“Jazz tends to be too analytical, which interferes with its musical possibilities,” he added. “In order to sustain intensity throughout a performance, you have to be in the moment and be committed to that moment – not trying to impress anyone. There’s no magical technique.”
There is, however, something seemingly magical about a Thelonious Monk tune in the hands of a Branford Marsalis band, and according to Marsalis; the secret is, “The slower you play them, the better they sound.” Monk’s “Teo” does not disappoint, as band members playfully bounce off each other in an appropriately tipsy fashion, while Marsalis tongues away on his burnished tenor like a frenetic Sonny Rollins. “Monk is the quintessential jazz composer,” says Marsalis. “His compositions are magical, the melodies are infectious and every song swings its ass off!” No one was satisfied with the first take’s static drum groove, but when Faulkner spiced things up by rolling out some tasty Afro-Cuban beats, take two was a keeper – as Monk himself would have been on his feet and dancing.
“Recording this band is easy,” explains Marsalis. “It’s like a gig, only we turn on the tapes. A lot of other guys worry about being perfect. They want to overdub their solos to make sure it’s ‘right.’ Who do you want to get it right for … the critics in DownBeat? If you want to get it right, then practice! With us, it’s two takes and ‘see ya.’ It’s jazz!”
The recording studio video footage is proof positive no overdubs were employed on the excitedly brisk, walking bass blues of “Whiplash.” Despite its relatively simple six-beat repeating head, nothing sounds even remotely commonplace, as tenor sax, bass and drums take off on a nice, bouncy stroll – Calderazzo doesn’t enter until the 3:30 mark – with Marsalis’ massive tenor “leapin’ and lopin’” along to Revis’ swinging-for-the-fences conception. Still only 20 at the time of the recording, Faulkner is a monster here, demonstrating “groove within a groove” Tony Williams-type propulsion – firing off lightning quick ride cymbal/high-hat exchanges and tumultuous tom-tom fills.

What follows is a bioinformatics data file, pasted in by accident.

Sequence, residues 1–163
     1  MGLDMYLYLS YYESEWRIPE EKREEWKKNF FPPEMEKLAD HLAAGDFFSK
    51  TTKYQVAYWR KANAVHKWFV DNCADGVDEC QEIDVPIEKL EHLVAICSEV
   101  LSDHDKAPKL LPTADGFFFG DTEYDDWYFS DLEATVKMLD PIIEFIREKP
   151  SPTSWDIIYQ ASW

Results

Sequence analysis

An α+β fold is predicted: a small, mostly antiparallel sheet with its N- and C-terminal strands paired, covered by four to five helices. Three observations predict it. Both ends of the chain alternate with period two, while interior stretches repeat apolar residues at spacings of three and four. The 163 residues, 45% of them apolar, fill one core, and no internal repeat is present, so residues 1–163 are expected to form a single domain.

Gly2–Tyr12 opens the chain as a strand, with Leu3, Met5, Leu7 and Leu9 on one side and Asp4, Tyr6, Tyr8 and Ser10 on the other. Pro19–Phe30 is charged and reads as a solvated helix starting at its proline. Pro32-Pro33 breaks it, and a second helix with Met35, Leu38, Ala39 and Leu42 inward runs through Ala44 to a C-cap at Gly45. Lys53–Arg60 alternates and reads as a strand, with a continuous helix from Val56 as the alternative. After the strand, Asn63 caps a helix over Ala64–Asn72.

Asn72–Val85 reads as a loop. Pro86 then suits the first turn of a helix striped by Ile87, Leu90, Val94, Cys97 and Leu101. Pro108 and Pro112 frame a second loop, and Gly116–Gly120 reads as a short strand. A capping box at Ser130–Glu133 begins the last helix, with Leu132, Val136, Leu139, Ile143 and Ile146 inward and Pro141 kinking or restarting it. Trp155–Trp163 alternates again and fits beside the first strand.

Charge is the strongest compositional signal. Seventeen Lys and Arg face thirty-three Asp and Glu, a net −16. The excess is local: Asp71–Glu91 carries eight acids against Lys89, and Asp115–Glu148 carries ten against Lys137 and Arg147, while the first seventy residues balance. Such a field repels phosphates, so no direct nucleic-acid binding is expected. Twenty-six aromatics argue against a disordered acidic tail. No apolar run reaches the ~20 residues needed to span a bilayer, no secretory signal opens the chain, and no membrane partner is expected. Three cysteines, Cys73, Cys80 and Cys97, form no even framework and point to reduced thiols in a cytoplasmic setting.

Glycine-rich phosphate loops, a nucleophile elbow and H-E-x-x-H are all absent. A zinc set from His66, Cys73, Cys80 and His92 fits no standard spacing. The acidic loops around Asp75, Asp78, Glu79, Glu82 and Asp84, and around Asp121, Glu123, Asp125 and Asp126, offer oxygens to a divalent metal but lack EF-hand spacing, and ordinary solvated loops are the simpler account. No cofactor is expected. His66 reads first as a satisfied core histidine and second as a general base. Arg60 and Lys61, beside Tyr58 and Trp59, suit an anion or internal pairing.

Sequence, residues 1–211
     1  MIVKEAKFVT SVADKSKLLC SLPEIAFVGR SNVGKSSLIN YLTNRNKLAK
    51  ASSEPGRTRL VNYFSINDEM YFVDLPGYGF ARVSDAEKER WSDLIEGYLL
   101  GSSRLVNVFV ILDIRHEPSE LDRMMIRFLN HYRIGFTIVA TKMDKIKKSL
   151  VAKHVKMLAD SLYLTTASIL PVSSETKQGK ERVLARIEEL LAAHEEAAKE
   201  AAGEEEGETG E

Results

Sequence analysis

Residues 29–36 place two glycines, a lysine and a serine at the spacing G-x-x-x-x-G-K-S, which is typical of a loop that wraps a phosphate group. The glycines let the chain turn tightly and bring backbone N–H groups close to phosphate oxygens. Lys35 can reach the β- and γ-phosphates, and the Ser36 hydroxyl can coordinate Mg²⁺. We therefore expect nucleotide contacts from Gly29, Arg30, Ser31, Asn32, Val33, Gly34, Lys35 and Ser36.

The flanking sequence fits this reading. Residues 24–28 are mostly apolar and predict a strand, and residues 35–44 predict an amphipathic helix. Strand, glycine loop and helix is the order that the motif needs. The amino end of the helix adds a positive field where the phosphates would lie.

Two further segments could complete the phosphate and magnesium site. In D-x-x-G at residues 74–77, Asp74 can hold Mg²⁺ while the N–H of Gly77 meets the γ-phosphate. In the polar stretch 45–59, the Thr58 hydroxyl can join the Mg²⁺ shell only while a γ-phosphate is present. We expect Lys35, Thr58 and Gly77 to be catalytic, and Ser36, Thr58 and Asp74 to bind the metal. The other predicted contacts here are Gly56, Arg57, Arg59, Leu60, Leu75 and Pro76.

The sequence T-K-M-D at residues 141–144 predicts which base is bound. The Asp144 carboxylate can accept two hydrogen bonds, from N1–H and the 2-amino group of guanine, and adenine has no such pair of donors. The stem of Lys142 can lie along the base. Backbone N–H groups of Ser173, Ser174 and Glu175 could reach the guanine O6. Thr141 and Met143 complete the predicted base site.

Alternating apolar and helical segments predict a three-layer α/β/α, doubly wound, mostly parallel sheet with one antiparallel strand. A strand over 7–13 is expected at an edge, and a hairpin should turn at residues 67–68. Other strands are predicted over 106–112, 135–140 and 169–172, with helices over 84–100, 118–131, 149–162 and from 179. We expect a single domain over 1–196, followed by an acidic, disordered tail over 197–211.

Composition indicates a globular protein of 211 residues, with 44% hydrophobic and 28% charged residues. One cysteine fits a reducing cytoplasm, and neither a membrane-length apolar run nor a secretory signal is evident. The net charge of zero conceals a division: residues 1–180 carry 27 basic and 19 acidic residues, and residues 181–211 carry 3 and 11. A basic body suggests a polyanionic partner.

Revis is a deep-toned delight throughout, playing with Jimmy Garrison like authority and giving each note seemingly well thought out meaning.
“With overdubs, the sense of urgency is gone and you can hear that on a record,” Marsalis continues. “Even the possibility of an overdub means the urgency is gone. If your mindset is, ‘I can fix it later,’ it’s already ruined. But if you tell everybody you got one shot to do this s–, it becomes urgent as a MF! Everyone’s playing hard, now!”
The spontaneous urgency of “As Summer Into Autumn Slips” is due, in part, to the fact that – although Calderazzo had already composed the song in his head – he didn’t get around to writing it down on paper until a 15 minute recording session break. The beautiful hang-on-every-note tune is highlighted by Marsalis’ fearless sojourns into the upper register of the straight horn with nary a hint of shrillness. Following an intimate musical conversation between he and Calderazzo, Marsalis demonstrates another aspect of his personality by scrambling some serious Wayne Shorter styled eggs. After a mere 30 minute rehearsal, it was two takes and “see ya.”